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Don't make this "Ms."take
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I’ve been called a lot of insulting things in my life.

When you’ve been writing about politics and religion and other people’s shoes as long as I have, nasty epithets get hurled your way.

It’s just one of those occupational hazards: Instead of losing my arm in a piece of farm machinery, I receive vituperative emails referring to me as a piece of anatomy or a female canine.Mostly, it all rolls down my back. Sticks and stones and all that. But there’s one term that really gets under my skin, a title that I just cannot abide: You can call me anything you like (even late for dinner), but please, do not ever call me “Mrs. Lebos.”

“Just what the hell is wrong with that?” asked my father–in–law when I recounted a berating email I’d received that morning about a recent column. “You are Mrs. Lebos. Aren’t you?” He looked confused. “You’re still married to my son, right?”

“Yes, but the guy who wrote the email didn’t know that,” I explained. “He assumed it.”

“Well, what was he supposed to call you?”

“It’s Ms. Lebos. Always. Anything else is presumptive and sexist.”

“Pah. Southern people don’t know about that women’s lib stuff. He was probably just trying to be polite.”

I can assure you that the email was far from polite, but my father–in–law’s reaction made me wonder: Is it really still socially acceptable around here to define a woman’s marital status on a first acquaintance?

“Of course it’s not,” sighs Dr. Teresa Winterhalter, AASU director of faculty relations and professor of Gender and Women’s Studies. “But few ever stop to give any thought to how the social value placed on a woman’s marital status is such an impediment to women’s worth.”

So let’s stop and give it thought. While the title “Mrs.” is not a possessive form of “Mr.” (as in, those cows and that nice lady are the mister’s), it has been an indication of marital status since the 14th century. It actually comes from the word “mistress,” which did not at the time refer to Dan Draper’s floozies but was the female counterpart of “master,” meaning the “woman of the house.” The pronunciation evolved to drop the “r,” morphing to “missus” somewhere in the 16th century. By the time women won the right to vote (it hasn’t even been a hundred years!), the use of “Mrs.” and “Miss” to delineate between married and unmarried women was ingrained.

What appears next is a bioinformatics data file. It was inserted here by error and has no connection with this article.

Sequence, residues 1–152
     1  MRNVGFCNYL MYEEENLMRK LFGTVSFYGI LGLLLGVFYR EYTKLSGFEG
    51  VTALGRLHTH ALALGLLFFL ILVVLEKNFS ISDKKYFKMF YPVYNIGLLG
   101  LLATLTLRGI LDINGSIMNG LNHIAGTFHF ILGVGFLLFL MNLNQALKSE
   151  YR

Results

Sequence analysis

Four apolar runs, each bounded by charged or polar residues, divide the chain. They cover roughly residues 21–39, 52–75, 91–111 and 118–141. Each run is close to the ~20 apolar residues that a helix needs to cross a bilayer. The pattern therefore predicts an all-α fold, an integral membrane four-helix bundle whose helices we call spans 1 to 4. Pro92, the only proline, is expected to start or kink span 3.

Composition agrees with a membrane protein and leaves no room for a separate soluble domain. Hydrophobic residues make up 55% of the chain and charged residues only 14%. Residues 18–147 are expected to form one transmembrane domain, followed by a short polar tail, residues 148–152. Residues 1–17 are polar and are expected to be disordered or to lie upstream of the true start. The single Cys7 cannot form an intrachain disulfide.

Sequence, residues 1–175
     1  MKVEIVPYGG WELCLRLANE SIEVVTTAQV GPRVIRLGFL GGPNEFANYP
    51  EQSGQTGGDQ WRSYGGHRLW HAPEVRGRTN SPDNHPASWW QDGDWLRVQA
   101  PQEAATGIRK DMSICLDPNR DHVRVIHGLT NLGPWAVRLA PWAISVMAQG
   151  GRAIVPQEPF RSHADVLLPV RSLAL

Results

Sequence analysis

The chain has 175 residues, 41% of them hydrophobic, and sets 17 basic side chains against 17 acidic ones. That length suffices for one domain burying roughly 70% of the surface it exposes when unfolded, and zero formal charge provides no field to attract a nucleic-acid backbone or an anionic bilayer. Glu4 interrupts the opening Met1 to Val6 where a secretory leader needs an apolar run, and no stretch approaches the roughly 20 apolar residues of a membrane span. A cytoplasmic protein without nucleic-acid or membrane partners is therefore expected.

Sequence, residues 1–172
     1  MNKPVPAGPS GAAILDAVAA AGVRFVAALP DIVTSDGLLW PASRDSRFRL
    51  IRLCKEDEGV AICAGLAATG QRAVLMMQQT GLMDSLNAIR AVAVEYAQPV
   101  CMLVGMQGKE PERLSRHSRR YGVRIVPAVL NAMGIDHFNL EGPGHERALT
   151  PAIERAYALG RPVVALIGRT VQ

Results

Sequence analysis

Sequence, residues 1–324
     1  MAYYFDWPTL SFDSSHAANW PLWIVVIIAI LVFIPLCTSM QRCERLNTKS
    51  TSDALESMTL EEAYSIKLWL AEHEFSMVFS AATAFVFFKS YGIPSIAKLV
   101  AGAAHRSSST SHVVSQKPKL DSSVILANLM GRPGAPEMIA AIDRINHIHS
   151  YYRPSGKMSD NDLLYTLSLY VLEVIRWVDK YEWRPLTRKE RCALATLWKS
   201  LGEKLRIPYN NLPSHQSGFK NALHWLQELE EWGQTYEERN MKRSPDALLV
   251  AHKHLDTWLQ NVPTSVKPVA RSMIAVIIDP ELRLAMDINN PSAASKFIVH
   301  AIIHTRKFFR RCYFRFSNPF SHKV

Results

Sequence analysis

Yet even in the bad old days, the outrage at assumption was validated. A 1901 editorial in the Sunday Republican of Springfield, Mass., unearthed by noted linguist Ben Zimmer, frets over the “void in the English language” of a neutral female title for the sake of civility: “To call a maiden ‘Mrs.’ is only a shade worse than to insult a matron with the inferior title ‘Miss.’ Yet it is not always easy to know the facts.”

The writer puts forth a simple solution: Address all women as “Ms.”

Though it took another 75 years, “Ms.” found its way into mainstream cultural vernacular as Gloria Steinem and the many mothers of the feminist movement fought for equal treatment for women in the workplace, in school and throughout society. While we’ve come a long way in gender equalization since the 1970s, consider that women are still paid 77 cents to every dollar made by a man, and no one is talking shit about the hair of any male Olympians.

Savannah–based writer Lisa Solod, author of the blog and a contributor to the Huffington Post, confirms that “Ms.” “helps put us on equal footing, at least initially, with men whose marital status is not revealed by their title.”

Yeah. Dudes deal with no such distinction, so why do women?

(Solod, who grew up in eastern Tennessee, also makes the ironic point that in verbal usage, Southern accents usually “render ‘Mrs.’ to ‘Miz’ anyway.” But unintentional default is not the same as active attention.)

In an informal poll that may have been conducted over cocktails at bar food, a group of women posited that the most egregious use of “Mrs.” in modern times isn’t necessarily about husbands, it’s the implication of how old a woman is perceived to be.

“In my experience, it’s age–related. Around here you get ‘Mrs.’ if you’re old enough to drive,” offered Diane Shelley. “Either way, it’s pejorative.”

There you go: Doubly offensive. Dr. Winterhalter agrees: “What annoys me the most about ‘Mrs.’ is how women of a certain age are presumed to be married.”

I guess it’s the presumption of “Mrs.” that pisses me off so. Maybe the emailer didn’t think he was being insulting by addressing me as “Mrs. Lebos” (he did that later, when he called me stupid), but by doing so he revealed preconceptions about my personal life that were irrelevant to the subject. Yes, I am married and of a certain age, but that’s not actually part of the conversation until I say so, ‘k?

I’m sure it’s no shocker that I was raised by a mother who never went by anything other than “Ms.” Of course, no one was more surprised than her when I announced 14 years ago that not only was I getting married, I was taking my husband’s last name. My maiden name is long, and although I have an intimate karmic connection with all forms of punctuation, I felt hyphenation was too complicated. At the end of the day it’s about simplicity.

So here’s some simple advice for those who haven’t gotten it yet: Y’all need to jettison “Mrs.” from the lexicon unless someone has expressed introduced herself as such.

And if you want to write me an email, I’m all good with first names. But you best remember it’s Ms. Lebos if you’re nasty.